> Several volcano-climbing tours across Java, Bali, Nusa Tenggara and Sulawesi in  Indonesia during all seasons <

  

 

Ever heard of the 'Ring of Fire'?  Stretching from Indonesia in south to the Kurils and Kamchatka in north, the Ring of Fire belt is where the Indian Ocean and western Pacific crustal plates collide with the massive Eurasian plate to form a massive chain of volcanic mountains.

 

Indonesia lies on a significant part of the Pacific "Ring of Fire". Being a land of fire, destruction and rebirth, Indonesia has massive volcanic activity. Therefore it is arguable also the best place in world for volcano trekking. It has 129 active volcanoes - more than any other country - and most are accessible and safe for trekking, when not erupting. All over seems to be steaming gunung api, fire mountains, dominating the landscape from Sumatra in West to Papua in East. 

 

We have been “hunting” volcanoes across the Indonesia archipelago for several years and on numerous trips. On Java Island, for example, Gunung Merapi at 2.930m height is the most active volcano in Indonesia. When not erupting it can be carefully climbed in about 8-10 hours with spectacular views to nearby volcanic summits and fertile highlands. On neighboring Bali, the Gunung Agung volcano standing at 3.142m can be climbed during 10-12 hours. The view from the summit reveals views over Bali, East-Java, Lombok and Gunung Rinjani on Lombok as well as more islands in the Nusa Tenggara archipelago. On Lombok Island, Gunung Rinjani offers phenomenal trekking. The base camp offers a surreal view towards the 3.726m summit. Inside the enormous crater is situated a lake, and in the center of that lake is another miniature volcano: A volcano inside the volcano. Rinjani is perhaps the most beautiful trek in Indonesia and all of SE Asia. On Sulawesi Island, Gunung Lokon and Gunung Mahawu are active volcanoes located in the Minahasa highlands. The former has an almost perfect cone and offers beautiful views towards Bunaken Island, Manado Tua Island and the tip of Sulawesi. In Central Sulawesi, in the heart of Tana Toraja, an extremely exotic and culturally rich region, we trekked from village to village in the highlands on old volcanoes.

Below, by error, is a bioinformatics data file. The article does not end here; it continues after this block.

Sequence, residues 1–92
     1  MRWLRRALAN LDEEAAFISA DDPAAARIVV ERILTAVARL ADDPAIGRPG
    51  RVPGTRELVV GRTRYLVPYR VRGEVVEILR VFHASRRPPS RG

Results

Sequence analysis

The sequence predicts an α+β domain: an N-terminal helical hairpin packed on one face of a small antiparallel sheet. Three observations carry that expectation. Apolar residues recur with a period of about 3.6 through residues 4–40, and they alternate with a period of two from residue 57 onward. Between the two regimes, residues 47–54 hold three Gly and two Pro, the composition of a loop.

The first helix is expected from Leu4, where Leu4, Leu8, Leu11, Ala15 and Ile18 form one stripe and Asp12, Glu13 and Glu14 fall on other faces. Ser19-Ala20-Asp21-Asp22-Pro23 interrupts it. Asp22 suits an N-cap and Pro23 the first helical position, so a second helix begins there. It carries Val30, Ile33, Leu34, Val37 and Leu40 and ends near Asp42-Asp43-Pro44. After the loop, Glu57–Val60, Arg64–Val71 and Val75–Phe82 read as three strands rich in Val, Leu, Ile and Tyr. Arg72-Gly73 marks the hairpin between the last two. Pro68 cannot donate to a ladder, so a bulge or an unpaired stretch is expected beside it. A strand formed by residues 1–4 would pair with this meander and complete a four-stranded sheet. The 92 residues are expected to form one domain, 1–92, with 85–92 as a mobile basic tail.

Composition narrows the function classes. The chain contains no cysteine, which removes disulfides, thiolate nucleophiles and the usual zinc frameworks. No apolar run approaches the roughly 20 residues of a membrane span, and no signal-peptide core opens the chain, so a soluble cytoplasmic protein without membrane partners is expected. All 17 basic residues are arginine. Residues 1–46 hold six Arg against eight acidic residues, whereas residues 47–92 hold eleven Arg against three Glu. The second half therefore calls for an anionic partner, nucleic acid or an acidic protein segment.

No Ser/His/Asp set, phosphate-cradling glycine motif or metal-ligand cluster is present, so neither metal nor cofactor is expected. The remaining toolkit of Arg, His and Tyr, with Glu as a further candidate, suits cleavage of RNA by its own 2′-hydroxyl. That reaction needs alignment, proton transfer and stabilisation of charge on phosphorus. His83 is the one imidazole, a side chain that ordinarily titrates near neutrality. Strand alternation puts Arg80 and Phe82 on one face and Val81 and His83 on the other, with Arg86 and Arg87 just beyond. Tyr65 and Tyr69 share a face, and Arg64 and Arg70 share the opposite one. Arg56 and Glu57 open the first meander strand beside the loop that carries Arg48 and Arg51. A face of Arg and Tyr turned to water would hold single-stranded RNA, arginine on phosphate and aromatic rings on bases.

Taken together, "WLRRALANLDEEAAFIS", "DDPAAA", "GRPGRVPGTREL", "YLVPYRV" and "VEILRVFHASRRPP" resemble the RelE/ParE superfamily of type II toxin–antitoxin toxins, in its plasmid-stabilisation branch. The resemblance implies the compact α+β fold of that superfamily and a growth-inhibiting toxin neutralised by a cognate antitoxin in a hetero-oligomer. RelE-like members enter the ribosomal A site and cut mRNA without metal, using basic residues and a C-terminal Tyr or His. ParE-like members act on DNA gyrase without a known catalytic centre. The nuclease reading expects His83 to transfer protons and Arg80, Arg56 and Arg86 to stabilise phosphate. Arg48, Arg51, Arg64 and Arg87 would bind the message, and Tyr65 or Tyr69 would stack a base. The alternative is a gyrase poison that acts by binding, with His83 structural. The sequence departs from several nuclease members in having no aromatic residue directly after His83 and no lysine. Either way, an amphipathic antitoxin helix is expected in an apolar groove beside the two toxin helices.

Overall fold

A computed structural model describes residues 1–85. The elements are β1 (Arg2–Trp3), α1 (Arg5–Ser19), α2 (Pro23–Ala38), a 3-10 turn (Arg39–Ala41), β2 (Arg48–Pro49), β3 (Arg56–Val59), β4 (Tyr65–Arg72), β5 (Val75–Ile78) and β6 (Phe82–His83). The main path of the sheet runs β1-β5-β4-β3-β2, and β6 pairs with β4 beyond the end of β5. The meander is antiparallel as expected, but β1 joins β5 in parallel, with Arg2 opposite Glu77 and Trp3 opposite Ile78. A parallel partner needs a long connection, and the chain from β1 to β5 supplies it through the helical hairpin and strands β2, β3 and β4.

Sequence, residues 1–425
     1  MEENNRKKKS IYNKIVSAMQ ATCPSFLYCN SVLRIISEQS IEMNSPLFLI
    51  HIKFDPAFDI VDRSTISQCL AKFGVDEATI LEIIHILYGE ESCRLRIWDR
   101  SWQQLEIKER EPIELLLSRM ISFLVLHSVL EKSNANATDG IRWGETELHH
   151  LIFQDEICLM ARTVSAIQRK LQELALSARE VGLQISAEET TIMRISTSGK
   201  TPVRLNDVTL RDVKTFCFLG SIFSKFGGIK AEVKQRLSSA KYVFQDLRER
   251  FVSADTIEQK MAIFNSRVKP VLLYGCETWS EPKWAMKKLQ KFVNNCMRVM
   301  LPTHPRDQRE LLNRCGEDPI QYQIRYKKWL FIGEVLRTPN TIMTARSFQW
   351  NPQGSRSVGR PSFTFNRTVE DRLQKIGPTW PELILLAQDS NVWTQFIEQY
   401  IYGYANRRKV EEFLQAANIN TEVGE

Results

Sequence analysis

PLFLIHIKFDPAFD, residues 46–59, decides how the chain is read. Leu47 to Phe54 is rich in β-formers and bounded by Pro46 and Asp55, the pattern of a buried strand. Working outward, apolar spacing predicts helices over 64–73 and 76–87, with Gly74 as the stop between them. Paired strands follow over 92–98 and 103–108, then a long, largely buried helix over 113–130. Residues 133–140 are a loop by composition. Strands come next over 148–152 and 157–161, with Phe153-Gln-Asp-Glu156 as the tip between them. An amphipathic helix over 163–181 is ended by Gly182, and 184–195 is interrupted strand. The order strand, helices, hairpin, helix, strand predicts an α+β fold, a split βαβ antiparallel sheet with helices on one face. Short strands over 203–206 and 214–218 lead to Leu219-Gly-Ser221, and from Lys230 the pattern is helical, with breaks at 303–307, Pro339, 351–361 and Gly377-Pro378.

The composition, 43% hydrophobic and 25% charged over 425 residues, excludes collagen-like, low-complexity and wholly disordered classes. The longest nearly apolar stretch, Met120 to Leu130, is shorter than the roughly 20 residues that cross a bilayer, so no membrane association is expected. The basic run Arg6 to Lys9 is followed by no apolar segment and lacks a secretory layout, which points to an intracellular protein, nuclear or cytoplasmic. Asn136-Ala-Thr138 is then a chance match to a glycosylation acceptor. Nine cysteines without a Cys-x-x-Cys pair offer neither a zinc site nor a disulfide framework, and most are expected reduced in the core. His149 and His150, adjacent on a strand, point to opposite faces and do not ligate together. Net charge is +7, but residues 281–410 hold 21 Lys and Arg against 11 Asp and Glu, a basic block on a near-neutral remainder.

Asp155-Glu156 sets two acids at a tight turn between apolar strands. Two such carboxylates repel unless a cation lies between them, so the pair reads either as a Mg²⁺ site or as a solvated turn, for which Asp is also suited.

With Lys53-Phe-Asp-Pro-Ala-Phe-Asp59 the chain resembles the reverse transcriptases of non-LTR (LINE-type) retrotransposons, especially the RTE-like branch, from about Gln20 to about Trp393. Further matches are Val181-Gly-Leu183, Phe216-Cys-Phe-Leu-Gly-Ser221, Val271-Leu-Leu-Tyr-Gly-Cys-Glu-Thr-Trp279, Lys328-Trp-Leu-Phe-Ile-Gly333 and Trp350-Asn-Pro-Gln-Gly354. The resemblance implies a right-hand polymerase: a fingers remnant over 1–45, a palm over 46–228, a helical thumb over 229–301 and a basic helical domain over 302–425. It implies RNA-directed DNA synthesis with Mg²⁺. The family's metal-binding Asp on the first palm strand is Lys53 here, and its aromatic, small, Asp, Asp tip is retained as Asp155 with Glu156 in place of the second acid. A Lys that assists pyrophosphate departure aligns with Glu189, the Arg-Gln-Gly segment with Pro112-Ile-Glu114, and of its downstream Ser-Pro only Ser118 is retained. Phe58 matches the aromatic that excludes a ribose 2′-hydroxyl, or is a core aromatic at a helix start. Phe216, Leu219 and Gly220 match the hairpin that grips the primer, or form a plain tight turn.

For another climb in South East Asia, check our ascent of Mount Kinabalu on the island of Borneo.

 

 

Selected pics :

INDONESIAN VOLCANOES

Volcano "hunting" along the Ring of Fire

Ring-of-Fire Volcanoes climbed
Ring-of-Fire Volcanoes climbed
Borobudur Temple....
Borobudur Temple....

... in the volcanic highland of Central Java in Indonesia

View of Merapi & the lush Kedu plain
View of Merapi & the lush Kedu plain

One of our favourite treks is in Central Java, home to some of the greatest Buddhist relics of SE Asia: Borobudur. Near he upper terraces of this temple complex sits Gunung Merapi (2911m), one of Indonesias most active and destructive volcanoes

View of "Fire Mountain"s summit
View of "Fire Mountain"s summit

Meaning Fire Mountain, Merapi's towering peak can be seen from many parts of Central Java on a clear day. Merapi has erupted numerous times. Our climb starts in from the small village of Selo.

Early start on Merapi
Early start on Merapi

Typically, a 1.30 am start is nesseacy to reach the summit for dawn. It can only be attempted if Merai is quiet, but even then extreme caution is advised.

Climbing Merapi
Climbing Merapi

It is a tough, demanding walk mostly through loose volcanic scree. But we loved the entire walk and the beauty of the volcano.